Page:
Car makers will need to act more like technology, software and consumer electronics companies with more highly customized products, quicker introduction of new, “sexy” models, and nearly flawless quality to address competition from new entrants in the business, according to a new KPMG study (www.kpmg.com).
These new entrants, from technology giants to startups, operate at faster clockspeeds and are accelerating the pace of innovation in the auto industry. Automakers must now reconcile the industry’s rigorous standards of Six Sigma Quality and a traditional 5-7 year powertrain and vehicle platform clockspeed with a new “sexy, dynamic experience” that includes things like the upgrading of sensors, actuators, and displays in 18 to 36 months and quarterly over-the-air upgrades of software. Thus, KPMG says the auto industry faces the clockspeed dilemma: the need to serve multiple paces at once.
“Consumers expect as a given that cars get increasingly better fuel economy, better looking and safer on the road,” said Gary Silberg, National Automotive Leader for KPMG. “But the entrance of tech disruptors has created new expectations about the customer experience. Just look at how the iPhone changed the consumer experience and how we interact with our mobile devices. Auto companies must solve the clockspeed dilemma today or risk becoming obsolete very quickly.”
For the first time, the auto industry faces competitors who are used to responding to far greater numbers of consumers and operating with hundreds of millions of units rather than the millions with which automakers work. That larger economy of scale gives them the potential for quick and impressive payback, and it enables them to achieve a faster pace of innovation. Now they are advancing on the auto market with its one billion cars on the road.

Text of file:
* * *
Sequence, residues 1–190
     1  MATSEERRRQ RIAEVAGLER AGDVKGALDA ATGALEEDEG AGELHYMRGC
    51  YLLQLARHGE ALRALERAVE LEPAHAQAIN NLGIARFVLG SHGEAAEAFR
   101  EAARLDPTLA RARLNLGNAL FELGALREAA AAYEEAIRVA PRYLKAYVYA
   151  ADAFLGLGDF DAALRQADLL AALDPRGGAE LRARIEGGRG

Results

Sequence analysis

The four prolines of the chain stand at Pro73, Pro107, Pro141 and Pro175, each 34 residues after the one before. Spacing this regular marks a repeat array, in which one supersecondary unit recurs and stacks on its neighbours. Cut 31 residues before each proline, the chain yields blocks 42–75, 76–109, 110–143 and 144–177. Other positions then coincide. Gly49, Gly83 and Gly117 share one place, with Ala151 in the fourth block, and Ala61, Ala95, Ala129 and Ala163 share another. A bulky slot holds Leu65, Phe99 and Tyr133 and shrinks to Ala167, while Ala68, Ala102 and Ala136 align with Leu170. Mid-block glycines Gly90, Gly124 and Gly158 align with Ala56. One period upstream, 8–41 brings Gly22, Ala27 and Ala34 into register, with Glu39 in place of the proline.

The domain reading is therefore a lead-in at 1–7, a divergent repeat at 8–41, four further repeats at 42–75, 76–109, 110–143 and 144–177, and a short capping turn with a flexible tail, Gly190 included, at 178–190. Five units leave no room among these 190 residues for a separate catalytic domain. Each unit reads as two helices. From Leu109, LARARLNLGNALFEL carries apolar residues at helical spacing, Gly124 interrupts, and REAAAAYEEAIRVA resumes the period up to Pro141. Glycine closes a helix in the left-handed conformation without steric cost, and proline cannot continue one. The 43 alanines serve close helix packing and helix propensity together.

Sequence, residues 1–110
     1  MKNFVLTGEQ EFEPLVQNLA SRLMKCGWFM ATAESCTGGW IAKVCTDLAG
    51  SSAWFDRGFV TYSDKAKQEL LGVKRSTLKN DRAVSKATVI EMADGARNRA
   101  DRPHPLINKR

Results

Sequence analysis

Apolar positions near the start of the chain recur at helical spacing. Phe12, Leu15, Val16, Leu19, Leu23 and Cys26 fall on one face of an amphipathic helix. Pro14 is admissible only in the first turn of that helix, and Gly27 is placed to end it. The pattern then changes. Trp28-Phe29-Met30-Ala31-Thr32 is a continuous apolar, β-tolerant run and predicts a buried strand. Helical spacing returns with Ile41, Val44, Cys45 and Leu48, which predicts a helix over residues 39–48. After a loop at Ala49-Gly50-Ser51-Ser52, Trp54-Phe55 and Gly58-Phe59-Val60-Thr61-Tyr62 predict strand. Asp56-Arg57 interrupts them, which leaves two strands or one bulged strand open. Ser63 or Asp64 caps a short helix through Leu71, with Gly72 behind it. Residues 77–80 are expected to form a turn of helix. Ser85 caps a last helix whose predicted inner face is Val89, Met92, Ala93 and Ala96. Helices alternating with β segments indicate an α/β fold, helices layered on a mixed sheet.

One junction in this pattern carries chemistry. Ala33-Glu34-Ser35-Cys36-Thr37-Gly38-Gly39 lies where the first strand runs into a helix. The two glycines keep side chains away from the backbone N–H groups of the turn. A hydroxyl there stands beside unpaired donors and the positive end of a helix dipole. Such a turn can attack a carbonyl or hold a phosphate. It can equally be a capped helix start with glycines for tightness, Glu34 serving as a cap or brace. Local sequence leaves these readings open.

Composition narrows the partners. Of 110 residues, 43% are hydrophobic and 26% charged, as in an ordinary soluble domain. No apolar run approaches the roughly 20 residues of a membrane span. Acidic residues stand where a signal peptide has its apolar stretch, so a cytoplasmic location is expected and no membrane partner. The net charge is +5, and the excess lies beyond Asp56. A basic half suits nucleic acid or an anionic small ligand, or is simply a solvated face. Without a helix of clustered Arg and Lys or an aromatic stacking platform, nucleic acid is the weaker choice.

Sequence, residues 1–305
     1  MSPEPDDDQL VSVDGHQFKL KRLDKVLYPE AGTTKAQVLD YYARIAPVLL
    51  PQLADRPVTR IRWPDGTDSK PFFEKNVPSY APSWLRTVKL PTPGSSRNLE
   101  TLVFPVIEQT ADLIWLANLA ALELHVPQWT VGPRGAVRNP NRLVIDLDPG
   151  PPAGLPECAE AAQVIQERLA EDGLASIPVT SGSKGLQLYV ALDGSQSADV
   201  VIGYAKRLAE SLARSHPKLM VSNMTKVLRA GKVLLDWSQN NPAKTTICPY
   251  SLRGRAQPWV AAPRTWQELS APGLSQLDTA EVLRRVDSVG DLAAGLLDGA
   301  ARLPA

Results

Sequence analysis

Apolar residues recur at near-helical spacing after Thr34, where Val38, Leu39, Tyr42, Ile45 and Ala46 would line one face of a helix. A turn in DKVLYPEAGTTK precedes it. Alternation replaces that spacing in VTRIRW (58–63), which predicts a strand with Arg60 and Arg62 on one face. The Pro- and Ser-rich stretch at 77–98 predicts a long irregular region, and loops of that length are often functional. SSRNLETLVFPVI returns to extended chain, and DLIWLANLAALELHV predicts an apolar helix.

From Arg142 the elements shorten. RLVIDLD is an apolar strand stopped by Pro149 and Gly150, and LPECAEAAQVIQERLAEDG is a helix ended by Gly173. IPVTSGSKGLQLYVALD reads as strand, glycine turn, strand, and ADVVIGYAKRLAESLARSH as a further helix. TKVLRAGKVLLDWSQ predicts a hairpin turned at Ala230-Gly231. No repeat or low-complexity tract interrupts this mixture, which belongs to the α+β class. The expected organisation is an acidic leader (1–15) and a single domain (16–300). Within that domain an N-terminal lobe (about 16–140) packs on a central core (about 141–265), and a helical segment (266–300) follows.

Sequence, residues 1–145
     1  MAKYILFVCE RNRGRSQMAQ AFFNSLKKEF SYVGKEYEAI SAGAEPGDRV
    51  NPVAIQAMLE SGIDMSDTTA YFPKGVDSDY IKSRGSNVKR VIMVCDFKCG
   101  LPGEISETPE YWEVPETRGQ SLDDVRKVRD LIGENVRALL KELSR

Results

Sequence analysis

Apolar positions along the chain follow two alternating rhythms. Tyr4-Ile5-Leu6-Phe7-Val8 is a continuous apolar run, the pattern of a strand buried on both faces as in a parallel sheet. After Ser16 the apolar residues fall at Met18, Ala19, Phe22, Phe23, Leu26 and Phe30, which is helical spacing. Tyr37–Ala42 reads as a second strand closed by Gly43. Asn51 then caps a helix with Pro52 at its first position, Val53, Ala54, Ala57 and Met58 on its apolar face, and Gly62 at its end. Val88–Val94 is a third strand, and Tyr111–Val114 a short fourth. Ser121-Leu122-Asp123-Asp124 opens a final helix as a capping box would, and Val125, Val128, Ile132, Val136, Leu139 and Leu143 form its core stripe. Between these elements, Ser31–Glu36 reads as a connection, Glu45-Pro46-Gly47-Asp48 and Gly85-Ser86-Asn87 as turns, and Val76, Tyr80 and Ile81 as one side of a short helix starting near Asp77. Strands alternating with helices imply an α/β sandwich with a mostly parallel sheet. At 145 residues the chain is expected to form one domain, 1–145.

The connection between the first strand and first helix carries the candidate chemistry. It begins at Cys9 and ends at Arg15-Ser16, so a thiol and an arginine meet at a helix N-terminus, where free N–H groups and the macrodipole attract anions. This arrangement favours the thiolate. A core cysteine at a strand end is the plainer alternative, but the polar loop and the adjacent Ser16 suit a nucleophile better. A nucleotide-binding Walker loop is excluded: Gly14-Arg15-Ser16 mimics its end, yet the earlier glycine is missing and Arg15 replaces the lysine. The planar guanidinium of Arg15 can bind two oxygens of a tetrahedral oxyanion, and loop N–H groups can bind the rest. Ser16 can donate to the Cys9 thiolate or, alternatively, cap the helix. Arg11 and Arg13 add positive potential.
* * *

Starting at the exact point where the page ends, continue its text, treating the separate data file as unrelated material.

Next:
Automakers are familiar consumer expectations that focus on building a reliable, fault-tolerant car, and their innovation is intended for scaled metal bending and assembly, geared toward what KPMG calls the “Robust Industrial Machine.” The Robust Industrial Machine requires a 5–7 year clockspeed for powertrains, vehicle platforms, and other essential mechanical elements to provide a reasonable return on investment.
However, new consumer expectations have emerged, where technology innovation and payback periods are faster like those found with consumer electronics, software, and communications. The speedier paces of innovation come out of consumer demand for what KPMG calls the “sexy, dynamic experience.”
The characteristics of the Sexy Dynamic Experience are already familiar ones in the market:
° Products repeatedly evolve and improve after purchase.
° Products are flexible, able to create environments or experience that is configurable with a consumer’s tastes or usage situation.
° New enhancements are reverse compatible. They not only improve performance but work with earlier platforms.
Silberg points out that “the power of the Sexy Dynamic Experience to drive innovation and to change markets should not be underestimated: sexy can kill robust, especially as consumers begin to see sexy as more important than robust.”
Most traditional automotive players acknowledge the multiple challenges but have not fully come to terms with their effect on the ability to innovate. There is a means of addressing these challenges and achieving faster-paced innovation. Silberg adds, “first, however, a simple truth: There’s no single answer to innovating successfully, no one-size-fits-all solution.”